MIRACULOUS new AIRSHIP set to fly by 2013
Helium buoyancy issue solved at last?
Some problems can only be solved with a COSH
Enter Pasternak with his COSH equipment, which compresses helium into tanks, so removing lift and adding weight. These tanks, judging by Aeros photos of test blimps, are large low-pressure affairs perhaps made of fabric or other lightweight stuff rather than conventional metal high-pressure jobs. The helium is compressed only enough that it becomes heavier than air rather than lighter – say to pressures of just a few atmospheres, no more than that inside some modern bicycle tyres. (The toroidal tanks used on previous Aeros test blimps somewhat resembled large bike tyres, in fact: a doughnut shape is particularly efficient at containing pressure.)
Aeros blimp without COSH.
Pasternak contends that COSH would allow an airship to unload cargo or passengers without taking on ballast or venting gas: instead, enough helium would be rammed into the pressurised cells to compensate for the lost weight of payload. Apparently this can be done in a practical amount of time using condenser/compressor machinery of reasonable size, weight and power requirements.
Originally, Pasternak and Aeros intended to use COSH to build a mighty "Walrus" ship for the famous military crazytech agency DARPA. The Walrus was meant to lift an entire US ground-combat battalion and all its vehicles and equipment in a single load, and drop them off more or less anywhere – ie, do so without taking on ballast.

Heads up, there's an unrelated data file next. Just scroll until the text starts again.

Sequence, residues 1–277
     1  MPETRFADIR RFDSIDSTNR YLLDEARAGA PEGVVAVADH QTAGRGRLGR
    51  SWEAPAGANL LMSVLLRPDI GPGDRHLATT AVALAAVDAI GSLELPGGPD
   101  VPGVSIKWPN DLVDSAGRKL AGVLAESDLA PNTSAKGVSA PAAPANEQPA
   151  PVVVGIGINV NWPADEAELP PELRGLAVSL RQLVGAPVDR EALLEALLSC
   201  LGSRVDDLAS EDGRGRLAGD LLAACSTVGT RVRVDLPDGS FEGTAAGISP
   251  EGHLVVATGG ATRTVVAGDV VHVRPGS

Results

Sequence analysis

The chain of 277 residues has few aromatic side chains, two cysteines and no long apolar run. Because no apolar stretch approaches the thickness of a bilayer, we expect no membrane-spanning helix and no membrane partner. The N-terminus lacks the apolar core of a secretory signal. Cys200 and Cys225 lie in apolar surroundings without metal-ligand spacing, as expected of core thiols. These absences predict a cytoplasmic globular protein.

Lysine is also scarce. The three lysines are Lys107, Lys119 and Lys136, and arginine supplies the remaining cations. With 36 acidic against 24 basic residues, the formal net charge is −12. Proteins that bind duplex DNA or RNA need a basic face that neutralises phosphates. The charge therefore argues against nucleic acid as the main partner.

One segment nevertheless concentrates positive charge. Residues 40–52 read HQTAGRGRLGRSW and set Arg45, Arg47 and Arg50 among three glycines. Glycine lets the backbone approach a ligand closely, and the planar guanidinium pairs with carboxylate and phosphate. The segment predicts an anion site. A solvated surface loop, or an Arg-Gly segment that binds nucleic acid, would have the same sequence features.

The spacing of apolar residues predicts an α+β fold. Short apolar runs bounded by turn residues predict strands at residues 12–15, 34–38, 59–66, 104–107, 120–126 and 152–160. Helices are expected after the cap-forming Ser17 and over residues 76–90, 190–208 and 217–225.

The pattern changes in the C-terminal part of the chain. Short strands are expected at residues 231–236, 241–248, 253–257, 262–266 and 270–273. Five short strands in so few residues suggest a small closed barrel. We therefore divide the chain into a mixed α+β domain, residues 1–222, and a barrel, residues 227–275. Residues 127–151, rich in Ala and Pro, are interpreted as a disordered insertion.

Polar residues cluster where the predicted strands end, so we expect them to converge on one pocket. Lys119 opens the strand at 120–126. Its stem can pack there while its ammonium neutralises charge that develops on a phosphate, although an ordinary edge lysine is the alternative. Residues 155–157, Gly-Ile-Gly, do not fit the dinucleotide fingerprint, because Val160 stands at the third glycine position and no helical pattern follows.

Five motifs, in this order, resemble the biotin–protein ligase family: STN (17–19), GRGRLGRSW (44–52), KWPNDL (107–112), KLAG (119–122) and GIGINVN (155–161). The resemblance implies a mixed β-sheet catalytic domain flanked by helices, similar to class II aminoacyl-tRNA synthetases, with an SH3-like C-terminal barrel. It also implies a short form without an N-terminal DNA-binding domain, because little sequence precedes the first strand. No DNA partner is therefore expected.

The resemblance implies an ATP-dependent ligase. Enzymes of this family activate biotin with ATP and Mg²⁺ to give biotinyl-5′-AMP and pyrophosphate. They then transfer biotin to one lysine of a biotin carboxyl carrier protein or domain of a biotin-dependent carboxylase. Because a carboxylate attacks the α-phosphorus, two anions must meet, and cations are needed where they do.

Same blimp, with COSH. Note the doughnut tanks.
Sadly, Walrus was cancelled by Congress in 2006: perhaps reasonably enough. In order to lift its enormous load the Walrus needed to fill a large fraction of its vast hull with lifting helium, meaning that it would reach pressure height at a fairly low altitude of just 10,000 feet – putting the huge, slow titan within the reach even of basic man-portable antiaircraft missiles all along its line of flight.
Other major airship projects remain – the US Army's LEMV, for instance, and DARPA's ISIS – but these are intended to operate at higher altitudes on surveillance missions and so would not offer massive payloads (though the LEMV could perhaps serve in a cargo role if desired). Since Walrus' cancellation, however, Aeros has been left out in the cold – though DARPA has nonetheless funded a small-scale COSH demo and some work on the innovative rigid shell required for a full-fledged "Aeroscraft".
Now, however, Aviation Week reports that Aeros has new funds from the Pentagon's Rapid Reaction Technology Office. The company now expects to fly a demonstrator dubbed "Pelican" either next year or in 2013. The 230-foot Pelican will not carry any payload, but will prove the rigid aeroshell, the COSH technology and the integrated flight-control system that will use the COSH system in conjunction with vectored thrust from the propulsion (and dynamic lift in forward flight) to handle the craft and achieve full vertical-takeoff-and-landing (VTOL) performance. This last is important as many of the newer "hybrid" airship designs are not true lighter-than-air vessels: they are intended to operate in a heavy condition, in large part to deal with the issues of fuel burn and/or unloading. This means that they are likely to need to take off and/or land running, like an aeroplane: it also means that they cannot remain airborne in the event of engine failure, nor unload or load in the hover like a helicopter.